Another saying that sounds Bible-worthy: “Pride goes before a fall.” But its approximation, Proverbs 16:18, is actually written: “Pride goeth before destruction, and an haughty spirit before a fall.”

There are some phantom biblical verses for which no excuse can be offered. The speaker goofed.

That’s what Bruce Wells, a theology professor, thinks happened to Ditka, the former NFL coach, when he strayed from the gridiron to biblical commentary during his 1993 press conference in Chicago.

Wells watched Ditka’s biblical blunder on local television when he lived in Chicago. After Ditka cited the mysterious passage, reporters scrambled unsuccessfully the next day to find the biblical source.

They should have consulted Wells, who is now director of the ancient studies program at Saint Joseph’s University in Pennsylvania. Wells says Ditka’s error probably came from a peculiar feature of the King James Bible.

“My hunch on the Ditka quote is that it comes from a quirk of the King James translation,” Wells says. “Ancient Hebrew had a particular way of saying things like, ‘and the next thing that happened was…’ The King James translators of the Old Testament consistently rendered this as ‘and it came to pass.’ ’’

When phantom Bible passages turn dangerous

People may get verses wrong, but they also mangle plenty of well-known biblical stories as well.

Two examples: The scripture never says a whale swallowed Jonah, the Old Testament prophet, nor did any New Testament passages say that three wise men visited baby Jesus, scholars say.

Those details may seem minor, but scholars say one popular phantom Bible story stands above the rest: The Genesis story about the fall of humanity.

Most people know the popular version - Satan in the guise of a serpent tempts Eve to pick the forbidden apple from the Tree of Life. It’s been downhill ever since.

But the story in the book of Genesis never places Satan in the Garden of Eden.

“Genesis mentions nothing but a serpent,” says Kevin Dunn, chair of the department of religion at Tufts University in Massachusetts.

“Not only does the text not mention Satan, the very idea of Satan as a devilish tempter postdates the composition of the Garden of Eden story by at least 500 years,” Dunn says.

Getting biblical scriptures and stories wrong may not seem significant, but it can become dangerous, one scholar says.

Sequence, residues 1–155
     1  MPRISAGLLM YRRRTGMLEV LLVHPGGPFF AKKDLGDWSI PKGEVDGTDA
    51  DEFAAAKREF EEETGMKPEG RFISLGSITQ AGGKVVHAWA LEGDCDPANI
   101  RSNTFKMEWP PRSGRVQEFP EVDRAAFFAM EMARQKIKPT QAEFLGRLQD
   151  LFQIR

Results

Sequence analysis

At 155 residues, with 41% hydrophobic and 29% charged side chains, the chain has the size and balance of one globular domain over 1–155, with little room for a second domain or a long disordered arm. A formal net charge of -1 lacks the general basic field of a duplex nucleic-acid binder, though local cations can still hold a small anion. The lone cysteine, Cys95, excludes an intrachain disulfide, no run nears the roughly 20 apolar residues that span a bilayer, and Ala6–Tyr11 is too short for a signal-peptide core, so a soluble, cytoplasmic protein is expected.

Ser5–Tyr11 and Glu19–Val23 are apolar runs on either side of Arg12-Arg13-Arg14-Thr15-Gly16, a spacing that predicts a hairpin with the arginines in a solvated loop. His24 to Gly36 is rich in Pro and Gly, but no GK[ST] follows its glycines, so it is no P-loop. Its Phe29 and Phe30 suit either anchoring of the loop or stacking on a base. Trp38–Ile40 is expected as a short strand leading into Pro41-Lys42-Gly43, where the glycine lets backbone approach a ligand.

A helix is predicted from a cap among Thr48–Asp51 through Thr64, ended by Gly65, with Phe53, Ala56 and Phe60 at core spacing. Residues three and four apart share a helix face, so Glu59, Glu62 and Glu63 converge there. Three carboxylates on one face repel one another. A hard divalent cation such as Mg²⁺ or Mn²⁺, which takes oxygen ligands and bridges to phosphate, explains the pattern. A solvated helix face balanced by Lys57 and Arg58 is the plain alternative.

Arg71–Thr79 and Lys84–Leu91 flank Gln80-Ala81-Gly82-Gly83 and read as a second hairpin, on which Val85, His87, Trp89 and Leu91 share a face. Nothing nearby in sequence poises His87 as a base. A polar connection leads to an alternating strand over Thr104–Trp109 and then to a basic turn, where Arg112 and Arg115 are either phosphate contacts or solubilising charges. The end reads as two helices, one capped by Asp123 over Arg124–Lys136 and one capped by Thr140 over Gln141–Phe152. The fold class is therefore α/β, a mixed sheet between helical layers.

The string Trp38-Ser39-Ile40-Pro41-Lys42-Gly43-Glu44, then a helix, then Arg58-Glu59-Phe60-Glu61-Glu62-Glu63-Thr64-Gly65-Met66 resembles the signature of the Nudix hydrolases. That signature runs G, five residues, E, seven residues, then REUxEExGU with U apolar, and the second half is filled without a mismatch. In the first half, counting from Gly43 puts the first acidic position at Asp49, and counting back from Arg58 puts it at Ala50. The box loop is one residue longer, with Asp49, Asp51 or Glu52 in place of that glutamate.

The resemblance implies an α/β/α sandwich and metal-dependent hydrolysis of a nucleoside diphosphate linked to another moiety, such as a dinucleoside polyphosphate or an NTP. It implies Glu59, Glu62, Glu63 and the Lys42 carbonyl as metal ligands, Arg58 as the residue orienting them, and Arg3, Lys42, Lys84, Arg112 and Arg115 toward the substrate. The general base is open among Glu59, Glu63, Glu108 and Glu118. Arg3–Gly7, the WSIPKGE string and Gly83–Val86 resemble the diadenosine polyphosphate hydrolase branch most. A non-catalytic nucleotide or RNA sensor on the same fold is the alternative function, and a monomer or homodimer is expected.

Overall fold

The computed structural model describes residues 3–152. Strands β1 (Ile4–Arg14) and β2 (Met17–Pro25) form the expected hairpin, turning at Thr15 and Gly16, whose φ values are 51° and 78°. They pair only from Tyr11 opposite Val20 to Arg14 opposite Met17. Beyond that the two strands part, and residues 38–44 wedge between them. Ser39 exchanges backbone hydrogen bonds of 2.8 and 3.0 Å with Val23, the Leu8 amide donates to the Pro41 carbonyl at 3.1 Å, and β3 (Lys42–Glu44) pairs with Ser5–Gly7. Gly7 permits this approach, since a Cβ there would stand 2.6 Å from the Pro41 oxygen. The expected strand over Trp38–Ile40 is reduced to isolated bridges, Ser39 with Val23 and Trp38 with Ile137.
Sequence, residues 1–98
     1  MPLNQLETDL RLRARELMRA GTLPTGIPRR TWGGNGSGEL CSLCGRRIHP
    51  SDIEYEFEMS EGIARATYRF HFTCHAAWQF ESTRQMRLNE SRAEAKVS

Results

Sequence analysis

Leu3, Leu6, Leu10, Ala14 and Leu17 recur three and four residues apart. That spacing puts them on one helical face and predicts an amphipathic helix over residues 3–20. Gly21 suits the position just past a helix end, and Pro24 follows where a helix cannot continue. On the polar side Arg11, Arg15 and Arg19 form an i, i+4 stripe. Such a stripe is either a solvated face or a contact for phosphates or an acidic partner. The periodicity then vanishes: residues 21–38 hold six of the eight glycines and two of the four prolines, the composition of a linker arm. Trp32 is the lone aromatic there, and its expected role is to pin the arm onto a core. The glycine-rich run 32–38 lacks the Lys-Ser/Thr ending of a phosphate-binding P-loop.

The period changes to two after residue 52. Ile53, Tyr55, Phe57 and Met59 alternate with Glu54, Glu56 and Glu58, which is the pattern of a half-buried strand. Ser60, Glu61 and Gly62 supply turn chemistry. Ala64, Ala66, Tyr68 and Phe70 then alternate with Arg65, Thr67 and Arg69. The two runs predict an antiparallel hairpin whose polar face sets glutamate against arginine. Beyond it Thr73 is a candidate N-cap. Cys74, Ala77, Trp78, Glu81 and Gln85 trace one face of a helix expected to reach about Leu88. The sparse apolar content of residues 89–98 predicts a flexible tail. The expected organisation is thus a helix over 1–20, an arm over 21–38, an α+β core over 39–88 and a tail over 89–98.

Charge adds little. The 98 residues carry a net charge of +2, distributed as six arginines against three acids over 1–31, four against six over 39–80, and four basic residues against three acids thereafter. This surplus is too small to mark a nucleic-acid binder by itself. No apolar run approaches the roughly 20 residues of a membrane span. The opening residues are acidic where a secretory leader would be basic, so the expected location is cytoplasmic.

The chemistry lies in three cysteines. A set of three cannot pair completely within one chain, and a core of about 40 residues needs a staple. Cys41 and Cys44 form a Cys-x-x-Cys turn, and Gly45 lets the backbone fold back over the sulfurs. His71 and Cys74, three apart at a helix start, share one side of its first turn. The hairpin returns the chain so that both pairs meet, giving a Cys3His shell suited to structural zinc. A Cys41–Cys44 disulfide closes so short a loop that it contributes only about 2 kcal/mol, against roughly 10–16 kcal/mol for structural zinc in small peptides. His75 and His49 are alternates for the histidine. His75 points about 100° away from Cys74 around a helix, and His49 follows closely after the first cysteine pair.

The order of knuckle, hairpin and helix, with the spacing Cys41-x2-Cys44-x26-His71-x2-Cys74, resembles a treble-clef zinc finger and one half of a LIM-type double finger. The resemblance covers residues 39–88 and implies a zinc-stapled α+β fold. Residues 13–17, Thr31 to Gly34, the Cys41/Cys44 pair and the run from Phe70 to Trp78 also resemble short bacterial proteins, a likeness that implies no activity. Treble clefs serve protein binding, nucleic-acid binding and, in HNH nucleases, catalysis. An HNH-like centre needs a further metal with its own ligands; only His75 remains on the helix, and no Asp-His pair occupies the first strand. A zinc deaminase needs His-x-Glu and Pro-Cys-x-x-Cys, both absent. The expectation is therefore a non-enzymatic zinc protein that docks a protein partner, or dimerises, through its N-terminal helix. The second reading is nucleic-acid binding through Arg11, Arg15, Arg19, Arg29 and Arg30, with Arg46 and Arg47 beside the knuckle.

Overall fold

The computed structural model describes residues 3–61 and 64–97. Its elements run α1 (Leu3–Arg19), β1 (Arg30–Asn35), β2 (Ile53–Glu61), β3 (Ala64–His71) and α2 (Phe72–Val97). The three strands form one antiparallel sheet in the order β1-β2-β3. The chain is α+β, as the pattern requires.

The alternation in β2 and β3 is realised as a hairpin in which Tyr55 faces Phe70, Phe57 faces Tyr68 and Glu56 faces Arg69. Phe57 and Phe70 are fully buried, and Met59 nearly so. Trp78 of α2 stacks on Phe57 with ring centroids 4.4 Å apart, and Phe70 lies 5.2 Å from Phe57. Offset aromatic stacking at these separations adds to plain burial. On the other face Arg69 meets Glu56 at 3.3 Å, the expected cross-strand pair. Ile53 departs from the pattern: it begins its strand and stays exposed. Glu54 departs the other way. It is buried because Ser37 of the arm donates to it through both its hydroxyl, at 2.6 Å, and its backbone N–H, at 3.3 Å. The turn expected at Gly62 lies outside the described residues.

Most people have heard this one: “God helps those that help themselves.” It’s another phantom scripture that appears nowhere in the Bible, but many people think it does. It's actually attributed to Benjamin Franklin, one of the nation's founding fathers.

The passage is popular in part because it is a reflection of cherished American values: individual liberty and self-reliance, says Sidnie White Crawford, a religious studies scholar at the University of Nebraska.

Yet that passage contradicts the biblical definition of goodness: defining one’s worth by what one does for others, like the poor and the outcast, Crawford says.

Crawford cites a scripture from Leviticus that tells people that when they harvest the land, they should leave some “for the poor and the alien” (Leviticus 19:9-10), and another passage from Deuteronomy that declares that people should not be “tight-fisted toward your needy neighbor.”

“We often infect the Bible with our own values and morals, not asking what the Bible’s values and morals really are,” Crawford says.

Where do these phantom passages come from?

It’s easy to blame the spread of phantom biblical passages on pervasive biblical illiteracy. But the causes are varied and go back centuries.

Some of the guilty parties are anonymous, lost to history. They are artists and storytellers who over the years embellished biblical stories and passages with their own twists.

If, say, you were an anonymous artist painting the Garden of Eden during the Renaissance, why not portray the serpent as the devil to give some punch to your creation? And if you’re a preacher telling a story about Jonah, doesn’t it just sound better to say that Jonah was swallowed by a whale, not a “great fish”?